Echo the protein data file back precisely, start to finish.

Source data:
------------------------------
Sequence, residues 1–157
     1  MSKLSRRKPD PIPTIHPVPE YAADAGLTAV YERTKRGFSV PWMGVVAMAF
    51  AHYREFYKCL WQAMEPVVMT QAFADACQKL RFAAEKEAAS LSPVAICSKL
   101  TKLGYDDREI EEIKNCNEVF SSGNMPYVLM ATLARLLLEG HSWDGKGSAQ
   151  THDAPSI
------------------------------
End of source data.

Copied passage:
Sequence, residues 1–157
     1  MSKLSRRKPD PIPTIHPVPE YAADAGLTAV YERTKRGFSV PWMGVVAMAF
    51  AHYREFYKCL WQAMEPVVMT QAFADACQKL RFAAEKEAAS LSPVAICSKL
   101  TKLGYDDREI EEIKNCNEVF SSGNMPYVLM ATLARLLLEG HSWDGKGSAQ
   151  THDAPSI